Gilmore Girls and Me
Gilmore Girls and Me
Kim Delmar Cory
The seven season series, Gilmore Girls, and its four afterglow episodes, A Year in the
Life, have inspired me, as a woman of a certain age, to consider spending ‘my pension on brandy
and summer gloves.
Why do I feel obliged to watch these reruns mercifully offered on Netflix enough times
to rival the number of ubiquitous twinkle lights wrapped around every pole, tree, building,
newspaper stand, and the town square gazebo in the small fictional Connecticut town of Stars
Hollow along with the extravagant over-the-top pumpkin and gold leaf decorations saturating the
town in autumn?
Irreverent elegance, spirited defiance, and the flouting of civilized behaviors stick to me
like white rice to the bottom of a pot with every rewatched episode.
These are women who age gracefully but never grow old. And they both look good
wearing a lipstick called “Vicious Trollop'.
I admire Lorelai and I want to be Emily when I grow up.
Lorelai Gilmore, lovely single mom to a 16 year-old daughter, is in her 30s throughout
the seven year run of the original series Gilmore Girls. Eccentric, independent and sassy, with a
penchant for Jimmy Choos and red vine candy, Lorelai is someone that women of any age would
love to emulate.
She runs a charming Inn. Check. She hates exercise. Check. Not a fan of salad. Check.
What are the odds of a mother warbling the sappy theme song from the movie Beaches,
“You are the Wind Beneath my Wings”, to her teenage daughter like Lorelai does after two
teenage boys have a knock down drag out fight over the daughter that had to be broken up by the
Within the final Year in the Life episode that occurred nine years after the original series
ended, Lorelai is happily with the same man, Luke. It is by her choice that they are not married.
Her Inn is struggling and a beloved employee is leaving.
She is in a rut. A work rut. A life rut.
Has that ever happened to any of us when in our 40s? (Communal nod acknowledged). Maybe
we get a new hairstyle, hunt up a new gluten free, low fat, vegan recipe, or move the couch to the
other wall. Exciting stuff.
So what does Lorelai do in response to her 'rut'? She decides she needs a change. So she
challenges herself to do Wild (the book). Yes, Lorelai, who despises any outdoors beyond her
porch, determines she will hike the 2650 mile long Pacific Crest Trail in an attempt to find
After buying a backpack that likely outweighs her, hiking boots, and unfood-like
substances in tubes, she flies out to the West coast and, although she doesn't hike the trail, in her
pursuit of this goal Lorelai discovers answers to her life questions.
No couch shifts. No new hair style. No new recipe (she doesn't cook anyway). Check.
Just flying by the seat of her pants out of her comfort zone.
For decades within the original series, 60 something Emily, high society mother of
Lorelai, served as chair of fundraising committees for orchestras, ballets, hospitals, libraries, endangered animals and hundreds of causes du jour.
Her entire existence revolved around
coordinating her social calendar and that of husband Richard, hiring and firing household staff
-her record of firing maids likely held at two per day -- and contributing to the economy with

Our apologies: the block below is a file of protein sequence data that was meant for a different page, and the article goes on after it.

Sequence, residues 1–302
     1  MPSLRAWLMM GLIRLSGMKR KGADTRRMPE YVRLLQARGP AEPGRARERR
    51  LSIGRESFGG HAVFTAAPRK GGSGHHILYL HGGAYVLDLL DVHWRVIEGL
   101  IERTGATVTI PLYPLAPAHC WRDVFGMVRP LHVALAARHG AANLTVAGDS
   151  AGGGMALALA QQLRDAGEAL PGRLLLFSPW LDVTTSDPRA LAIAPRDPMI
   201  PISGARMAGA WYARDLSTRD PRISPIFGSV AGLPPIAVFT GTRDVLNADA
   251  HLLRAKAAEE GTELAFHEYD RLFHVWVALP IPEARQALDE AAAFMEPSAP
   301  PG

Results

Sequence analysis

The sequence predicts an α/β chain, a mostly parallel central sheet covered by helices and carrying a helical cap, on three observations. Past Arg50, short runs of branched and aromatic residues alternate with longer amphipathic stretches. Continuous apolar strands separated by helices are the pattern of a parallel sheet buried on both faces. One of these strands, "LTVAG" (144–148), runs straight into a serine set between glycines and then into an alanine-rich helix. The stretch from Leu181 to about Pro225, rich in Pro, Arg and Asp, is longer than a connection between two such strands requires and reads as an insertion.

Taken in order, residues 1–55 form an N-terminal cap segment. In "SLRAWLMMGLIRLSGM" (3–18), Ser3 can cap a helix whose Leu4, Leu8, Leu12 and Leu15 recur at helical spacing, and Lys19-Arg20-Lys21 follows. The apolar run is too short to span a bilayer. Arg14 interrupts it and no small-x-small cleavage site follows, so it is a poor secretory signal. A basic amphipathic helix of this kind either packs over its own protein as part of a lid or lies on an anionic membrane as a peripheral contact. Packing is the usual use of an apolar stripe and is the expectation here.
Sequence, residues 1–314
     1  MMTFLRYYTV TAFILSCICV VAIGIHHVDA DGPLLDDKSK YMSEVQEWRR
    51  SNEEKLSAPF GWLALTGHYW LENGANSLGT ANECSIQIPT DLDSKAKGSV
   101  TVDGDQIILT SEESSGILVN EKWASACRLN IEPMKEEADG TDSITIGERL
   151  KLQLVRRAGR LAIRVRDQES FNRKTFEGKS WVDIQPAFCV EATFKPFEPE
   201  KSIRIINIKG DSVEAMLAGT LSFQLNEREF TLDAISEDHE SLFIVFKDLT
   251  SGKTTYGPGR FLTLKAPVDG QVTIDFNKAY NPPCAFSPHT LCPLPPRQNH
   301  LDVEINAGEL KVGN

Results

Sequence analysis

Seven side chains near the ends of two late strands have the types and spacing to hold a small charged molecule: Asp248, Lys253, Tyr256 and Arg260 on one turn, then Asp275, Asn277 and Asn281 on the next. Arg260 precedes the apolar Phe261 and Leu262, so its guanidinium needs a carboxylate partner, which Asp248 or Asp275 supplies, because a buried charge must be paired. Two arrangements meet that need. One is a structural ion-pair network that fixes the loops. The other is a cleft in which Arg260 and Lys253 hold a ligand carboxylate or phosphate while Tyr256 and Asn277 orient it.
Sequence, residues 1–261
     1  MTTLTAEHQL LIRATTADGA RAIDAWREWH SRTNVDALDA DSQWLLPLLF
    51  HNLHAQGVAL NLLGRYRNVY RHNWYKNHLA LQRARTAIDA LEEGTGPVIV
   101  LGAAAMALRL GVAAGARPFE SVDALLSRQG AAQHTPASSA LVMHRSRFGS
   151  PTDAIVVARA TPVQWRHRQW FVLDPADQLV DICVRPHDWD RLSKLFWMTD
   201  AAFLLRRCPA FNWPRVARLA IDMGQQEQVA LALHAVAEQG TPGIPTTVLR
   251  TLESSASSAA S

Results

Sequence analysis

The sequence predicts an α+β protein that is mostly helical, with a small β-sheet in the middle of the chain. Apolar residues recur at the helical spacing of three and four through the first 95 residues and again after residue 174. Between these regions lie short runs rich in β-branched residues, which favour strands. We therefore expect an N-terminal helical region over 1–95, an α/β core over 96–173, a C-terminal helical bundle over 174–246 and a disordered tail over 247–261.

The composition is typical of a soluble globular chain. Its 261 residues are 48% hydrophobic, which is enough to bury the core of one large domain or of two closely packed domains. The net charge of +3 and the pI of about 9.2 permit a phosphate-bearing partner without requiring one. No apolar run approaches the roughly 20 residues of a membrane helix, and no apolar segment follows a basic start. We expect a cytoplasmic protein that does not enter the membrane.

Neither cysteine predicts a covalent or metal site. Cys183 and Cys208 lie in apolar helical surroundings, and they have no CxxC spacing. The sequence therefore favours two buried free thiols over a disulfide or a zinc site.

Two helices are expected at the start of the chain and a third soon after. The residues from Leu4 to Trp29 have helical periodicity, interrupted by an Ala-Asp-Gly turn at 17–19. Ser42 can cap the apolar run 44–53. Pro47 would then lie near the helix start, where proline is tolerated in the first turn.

copious sumptuous purchases.
Emily's status as darling of the DAR (Daughters of the American
Revolution) was without a doubt one of her most cherished accomplishments.
Skip to 9 years later in an A Year in The Life segment where now 74 year-old Emily sits
on a DAR membership board. Emily and her stately DAR darlings are interviewing a bimbo
esque trophy wife for potential admittance to the DAR. They all know it will never happen but because the interviewee is the third wife of a prestigious member of their social circle, 'Barbie' is interviewed. Emily ambles over to a table and noisily rifles through a box of cookies, choosing
one that suits her as the board ladies continue their pointless interview.
In what might be the
most extraordinary and illuminating words spoken by the character Emily throughout her tenure
as a matriarch of society and the DAR, she proclaims with dismissive eloquence that could only
be delivered by a woman of a certain age: “Bullshit!”. Emily has had enough of the affectations
of the DAR and everything involved in it. It is all “Bullshit.” Thus this classy broad meanders
out of the room, leaving all with their mouths agape.
‘Bullshit' is a good word and I am inclined to use it more often, thanks to Emily Gilmore.
Since her husband, Richard's, recent death, Emily struggles to reinvent herself. Her
marriage to Richard and place in society defined her. Now she has lost one and dismissed the
When Lorelai visits her mother one afternoon, she finds Emily throwing out her precious
belongings. A friend had recommended The Life Changing Method of Tidying Up book by
Marie Kondo as a way of decluttering her house of any and everything that doesn't bring her joy' before selling it. Including prized art work, antique furniture, designer fashions and more.
After Lorelai points out that her mother may regret throwing out her furniture, clothing and
antiques, Emily discovers this is not the way to reinvent her life.
It's hard to regroup after such losses. We will probably have like experiences. Possibly
react as Emily did.
But Emily does sell her house. She takes on a “gentleman friend'
(much to her daughter's chagrin) who does not replace Richard, but simply provides her with the companionship of a
man of a certain age.
She buys a small cottage on Nantucket Island that might well have fit into
the living room of the mansion she sold.
And she lives in her cottage. Sitting on a yard swing overlooking the stars and ocean with
a glass of wine at night, bundled up under a blanket.
Possibly contemplating how she will spend her “pension on brandy and summer gloves.'
Poem 'Warning' by Jennifer Joseph.